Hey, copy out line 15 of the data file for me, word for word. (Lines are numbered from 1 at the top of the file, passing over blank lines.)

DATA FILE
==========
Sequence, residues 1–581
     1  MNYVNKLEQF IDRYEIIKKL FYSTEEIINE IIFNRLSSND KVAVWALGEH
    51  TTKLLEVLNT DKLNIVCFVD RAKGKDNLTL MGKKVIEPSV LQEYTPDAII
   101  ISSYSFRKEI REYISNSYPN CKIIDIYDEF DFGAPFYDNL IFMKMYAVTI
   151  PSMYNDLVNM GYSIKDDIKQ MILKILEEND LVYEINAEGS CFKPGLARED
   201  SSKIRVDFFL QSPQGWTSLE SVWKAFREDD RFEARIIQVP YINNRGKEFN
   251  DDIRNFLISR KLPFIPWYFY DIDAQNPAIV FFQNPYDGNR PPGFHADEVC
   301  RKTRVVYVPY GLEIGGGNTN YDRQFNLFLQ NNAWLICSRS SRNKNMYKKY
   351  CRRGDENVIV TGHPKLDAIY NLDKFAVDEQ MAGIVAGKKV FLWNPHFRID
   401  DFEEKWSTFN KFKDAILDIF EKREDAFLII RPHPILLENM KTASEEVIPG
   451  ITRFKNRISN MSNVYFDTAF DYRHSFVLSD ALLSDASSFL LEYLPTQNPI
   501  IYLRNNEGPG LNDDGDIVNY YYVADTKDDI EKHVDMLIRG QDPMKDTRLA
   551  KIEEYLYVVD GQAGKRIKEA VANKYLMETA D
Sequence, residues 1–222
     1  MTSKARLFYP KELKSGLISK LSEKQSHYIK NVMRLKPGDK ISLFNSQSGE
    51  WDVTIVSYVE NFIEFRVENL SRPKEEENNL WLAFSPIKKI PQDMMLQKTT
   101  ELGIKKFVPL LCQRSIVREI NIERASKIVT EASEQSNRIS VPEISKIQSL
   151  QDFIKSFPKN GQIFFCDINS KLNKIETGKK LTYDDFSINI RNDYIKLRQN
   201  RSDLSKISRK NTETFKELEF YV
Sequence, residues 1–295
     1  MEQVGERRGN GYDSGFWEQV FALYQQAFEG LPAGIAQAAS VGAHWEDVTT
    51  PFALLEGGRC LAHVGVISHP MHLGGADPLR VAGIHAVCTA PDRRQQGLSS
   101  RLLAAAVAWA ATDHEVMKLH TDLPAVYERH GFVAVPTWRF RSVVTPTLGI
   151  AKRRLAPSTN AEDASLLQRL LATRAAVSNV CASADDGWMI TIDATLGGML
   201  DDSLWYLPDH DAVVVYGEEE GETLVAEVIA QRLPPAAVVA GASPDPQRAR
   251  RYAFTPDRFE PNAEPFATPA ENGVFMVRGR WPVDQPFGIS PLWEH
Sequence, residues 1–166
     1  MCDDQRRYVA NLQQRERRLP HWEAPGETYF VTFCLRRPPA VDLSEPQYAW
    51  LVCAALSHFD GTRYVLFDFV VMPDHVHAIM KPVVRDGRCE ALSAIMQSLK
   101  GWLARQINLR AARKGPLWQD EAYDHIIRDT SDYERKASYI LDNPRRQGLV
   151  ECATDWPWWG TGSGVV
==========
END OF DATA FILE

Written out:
     1  MTSKARLFYP KELKSGLISK LSEKQSHYIK NVMRLKPGDK ISLFNSQSGE